Vote for TSD bond, vote for the future

I still remember the days when the hallways at Tonasket High School were lined with plastic garbage cans as water cascaded down through the ceiling when it rained or the snow melted. On a tour back then, similar to the “town hall” the district recently had to discuss information regarding a capital improvement bond, the counselor’s office was a closet. Back then Tonasket had outgrown its school buildings and they were coming apart. Voting in 1993 to build new schools was farsighted on the part of the district’s voters back then and it solved the issues of day.

Web-Editorial-Gary-MugThe district has come so far, constructing three new school buildings — but that’s been over 20 years ago. Now voters are being asked to make additional improvements. Not because maintenance has been lacking as it was back then — district voters regularly and generously pass M&O Levies to handle upkeep — but to meet an expanding student population. In addition some of the facilities just aren’t up to what they should be, even though they weren’t built that long ago.

Now instead of water flowing from the ceilings into the hallways and the counselor in a closet, you can see students at the elementary using hallways and closets as classrooms. The middle school too is facing growing enrollment and needs room for its students. At the high school the district needs to expand shop space to offer more programs for kids who are pursuing a vocational education. And the Outreach and Choice High Schools, which offer alternative learning programs, are in a portable classroom that was built before I graduated from high school. That’s old.

You can read about the tour our reporter Katie Teachout took of the facilities in this week’s issue on page A5, as well as an informational ad that lays out where the district is lacking and why voters are being asked for a 12-year capital improvement bond of nearly $10 million.

The lion’s share of what is being asked of the voters who live within the school district, will go toward the elementary and middle schools which are in need of one of the basics of education, classroom space. Being packed into overcrowded classrooms, or closets or hallways, is not a good learning environment.

We encourage the voters of Tonasket to support these improvements for the children of the community. Kids are the future and deserve a chance to learn in the best possible environment the community can afford. And while it may sound like a lot of money the plan wasn’t come up with by just the school board. It is the product of many facilities committee meetings. It pays more for what is needed, than what is wanted.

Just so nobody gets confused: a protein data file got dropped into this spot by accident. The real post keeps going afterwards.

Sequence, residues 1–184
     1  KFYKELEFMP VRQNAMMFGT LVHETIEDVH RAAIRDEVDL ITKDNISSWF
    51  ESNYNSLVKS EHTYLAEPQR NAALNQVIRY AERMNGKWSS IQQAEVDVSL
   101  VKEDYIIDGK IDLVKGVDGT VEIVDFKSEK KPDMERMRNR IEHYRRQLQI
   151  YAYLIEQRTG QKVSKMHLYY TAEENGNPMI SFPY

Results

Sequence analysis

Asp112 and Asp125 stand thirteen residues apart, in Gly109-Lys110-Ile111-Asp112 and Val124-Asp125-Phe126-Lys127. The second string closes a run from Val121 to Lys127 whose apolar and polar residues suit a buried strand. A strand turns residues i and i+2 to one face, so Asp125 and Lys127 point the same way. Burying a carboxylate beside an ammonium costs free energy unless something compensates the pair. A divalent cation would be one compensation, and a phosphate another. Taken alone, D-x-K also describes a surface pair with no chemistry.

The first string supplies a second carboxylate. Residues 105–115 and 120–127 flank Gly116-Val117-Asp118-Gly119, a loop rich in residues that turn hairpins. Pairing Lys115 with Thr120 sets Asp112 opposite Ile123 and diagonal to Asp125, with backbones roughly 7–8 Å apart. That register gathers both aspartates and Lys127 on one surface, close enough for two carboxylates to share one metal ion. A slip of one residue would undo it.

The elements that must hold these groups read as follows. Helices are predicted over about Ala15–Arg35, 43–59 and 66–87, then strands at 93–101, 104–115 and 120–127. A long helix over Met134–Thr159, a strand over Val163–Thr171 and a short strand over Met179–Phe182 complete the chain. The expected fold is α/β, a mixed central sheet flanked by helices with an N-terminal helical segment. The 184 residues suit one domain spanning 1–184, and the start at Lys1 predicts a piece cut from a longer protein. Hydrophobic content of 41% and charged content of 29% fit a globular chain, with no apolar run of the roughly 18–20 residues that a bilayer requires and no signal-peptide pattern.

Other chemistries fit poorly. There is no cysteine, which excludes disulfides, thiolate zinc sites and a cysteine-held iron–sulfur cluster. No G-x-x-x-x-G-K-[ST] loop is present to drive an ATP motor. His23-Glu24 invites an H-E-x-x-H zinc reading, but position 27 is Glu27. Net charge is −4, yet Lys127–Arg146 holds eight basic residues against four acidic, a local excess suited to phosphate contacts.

The facilities improvement bond to build the new buildings was paid off in 2013. Those additions to the property tax have been gone for nearly four years now. If voters approve the current request then it will add an additional $2.22 per $1000 of evaluation. Added together with the current levy pay-back amount that’s $5.55 per $1000 total for schools. It’s a lot to ask, but not too much considering it is for the children of the community who will go on to represent Tonasket now and into the future, helping them to be productive citizens.

Vote for the Tonasket Facilities Improvement, vote for the children’s future.

About Gary DeVon

Gary DeVon is the managing editor of the Okanogan Valley Gazette-Tribune and celebrated his 25th year at the newspaper in August 2012. He graduated from Gonzaga University with a degree in Communications - Print Journalism, with an emphasis in photojournalism. He is a proud alumnus of Oroville High School. His family first settled in Okanogan County in the late 1800s. His parents are Judy DeVon and the late Larry DeVon and he has two younger brothers - Dante and Michael. Many family members still call Oroville home. He has a grown daughter, Segornae Douglas and a young granddaughter, Erin.